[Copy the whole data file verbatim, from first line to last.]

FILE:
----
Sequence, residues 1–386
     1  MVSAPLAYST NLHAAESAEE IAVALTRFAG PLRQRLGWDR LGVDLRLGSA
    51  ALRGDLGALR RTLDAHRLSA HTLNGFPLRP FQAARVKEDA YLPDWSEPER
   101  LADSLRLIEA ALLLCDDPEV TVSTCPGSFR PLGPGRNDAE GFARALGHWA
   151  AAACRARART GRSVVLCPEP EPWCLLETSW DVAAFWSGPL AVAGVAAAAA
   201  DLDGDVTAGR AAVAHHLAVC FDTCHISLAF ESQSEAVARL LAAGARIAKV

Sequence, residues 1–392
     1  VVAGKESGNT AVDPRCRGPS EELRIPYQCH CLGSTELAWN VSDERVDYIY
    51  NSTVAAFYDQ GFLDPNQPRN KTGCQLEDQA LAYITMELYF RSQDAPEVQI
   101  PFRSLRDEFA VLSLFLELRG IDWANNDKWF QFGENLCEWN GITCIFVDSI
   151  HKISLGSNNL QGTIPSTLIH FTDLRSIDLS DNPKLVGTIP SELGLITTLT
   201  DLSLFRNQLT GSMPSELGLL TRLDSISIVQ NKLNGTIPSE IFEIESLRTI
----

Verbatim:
Sequence, residues 1–386
     1  MVSAPLAYST NLHAAESAEE IAVALTRFAG PLRQRLGWDR LGVDLRLGSA
    51  ALRGDLGALR RTLDAHRLSA HTLNGFPLRP FQAARVKEDA YLPDWSEPER
   101  LADSLRLIEA ALLLCDDPEV TVSTCPGSFR PLGPGRNDAE GFARALGHWA
   151  AAACRARART GRSVVLCPEP EPWCLLETSW DVAAFWSGPL AVAGVAAAAA
   201  DLDGDVTAGR AAVAHHLAVC FDTCHISLAF ESQSEAVARL LAAGARIAKV

Sequence, residues 1–392
     1  VVAGKESGNT AVDPRCRGPS EELRIPYQCH CLGSTELAWN VSDERVDYIY
    51  NSTVAAFYDQ GFLDPNQPRN KTGCQLEDQA LAYITMELYF RSQDAPEVQI
   101  PFRSLRDEFA VLSLFLELRG IDWANNDKWF QFGENLCEWN GITCIFVDSI
   151  HKISLGSNNL QGTIPSTLIH FTDLRSIDLS DNPKLVGTIP SELGLITTLT
   201  DLSLFRNQLT GSMPSELGLL TRLDSISIVQ NKLNGTIPSE IFEIESLRTI